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Diagnosing Why Your Gas Stove Is Not Working

Aside from your refrigerator, no appliance is more essential to your daily activities than your stove. So, when something goes wrong and your stove stops working, it’s important to identify the source of the problem as quickly as possible. But identifying the source of the problem can be a little more challenging when it comes to a gas stove.

When dealing with a highly combustible substance like natural gas, it’s always advisable to bring in a trained professional to fix any problem. But understanding and explaining the source of a problem can help the technician expedite any necessary repair, which will get you back to “cooking with gas” sooner rather than later. Below are some of the more common—and not so common—reasons why your gas stove might not be working.

Slow to Light

If a burner on your gas stove is taking a little longer than usual to light, or the flame coming from the burner is more orange than blue, it could be the result of a wet or dirty igniter or burner. If you recently cleaned your stove top, it’s possible you may have gotten the igniter wet, which will prevent the gas from lighting instantly when you turn on the burner. If this is the problem, it's easy to resolved. Simply remove the burner cover and allow the igniter to air dry before trying to light the burner again. Once the igniter has dried completely, it should light the burner instantly when you turn it on.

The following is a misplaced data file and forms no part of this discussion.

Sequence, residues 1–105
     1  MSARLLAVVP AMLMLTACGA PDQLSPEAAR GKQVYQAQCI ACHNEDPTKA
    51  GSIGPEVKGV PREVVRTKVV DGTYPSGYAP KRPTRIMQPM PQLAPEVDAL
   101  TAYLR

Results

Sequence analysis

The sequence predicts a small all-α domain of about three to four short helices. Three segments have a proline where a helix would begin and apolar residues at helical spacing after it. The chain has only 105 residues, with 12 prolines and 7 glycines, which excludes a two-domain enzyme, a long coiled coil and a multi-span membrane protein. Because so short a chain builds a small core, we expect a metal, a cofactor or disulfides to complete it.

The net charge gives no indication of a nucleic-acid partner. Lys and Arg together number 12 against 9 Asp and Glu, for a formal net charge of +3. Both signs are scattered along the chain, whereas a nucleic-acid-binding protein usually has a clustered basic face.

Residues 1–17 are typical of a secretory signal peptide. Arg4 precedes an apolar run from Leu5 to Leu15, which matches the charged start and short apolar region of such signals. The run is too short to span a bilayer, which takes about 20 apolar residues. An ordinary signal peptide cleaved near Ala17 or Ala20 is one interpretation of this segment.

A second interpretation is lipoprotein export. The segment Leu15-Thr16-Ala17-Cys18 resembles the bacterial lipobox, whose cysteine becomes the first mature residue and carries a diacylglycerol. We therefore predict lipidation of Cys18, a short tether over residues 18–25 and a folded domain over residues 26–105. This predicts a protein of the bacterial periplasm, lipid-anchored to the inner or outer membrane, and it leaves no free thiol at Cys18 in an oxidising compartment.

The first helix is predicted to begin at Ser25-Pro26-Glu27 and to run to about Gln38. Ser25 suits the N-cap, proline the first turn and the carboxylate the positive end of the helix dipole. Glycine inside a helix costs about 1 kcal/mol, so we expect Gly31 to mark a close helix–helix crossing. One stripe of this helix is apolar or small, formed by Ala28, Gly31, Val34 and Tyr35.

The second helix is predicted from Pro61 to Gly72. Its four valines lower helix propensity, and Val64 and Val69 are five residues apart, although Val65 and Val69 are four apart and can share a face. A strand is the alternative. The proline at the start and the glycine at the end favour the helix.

Weak Flame

The flame on your gas stove should always burn blue, but a flame that’s weak may appear yellow or orange. A yellow or orange flame indicates incomplete combustion, which can release carbon monoxide into your home. This happens when an igniter or burner is partially clogged, causing the level of the gas flowing into the burners to be reduced. If you haven’t cleaned your stove top in a while, grease and other cooking residue can build up and clog the igniter switch or reduce the flow of gas from the burner. This can prevent the burner from producing a blue flame as soon as you turn it on.

If you suspect this is the issue, remove the burner cover and use some warm water, soap, and a cleaning cloth to clean the area in and around the affected burner (a mixture of warm water and dish soap that contains a degreaser should breakup any built-up cooking residue). While you’re at it, you might as well give all the burners a good cleaning to avoid the same issue later on. Once you’ve cleaned in and around all the burners, make sure they’re thoroughly dry to avoid leaving excess water on any of the igniters. Keeping the burner covers off for about 30–40 minutes after cleaning will allow the igniters to dry completely.

One Burner Not Lighting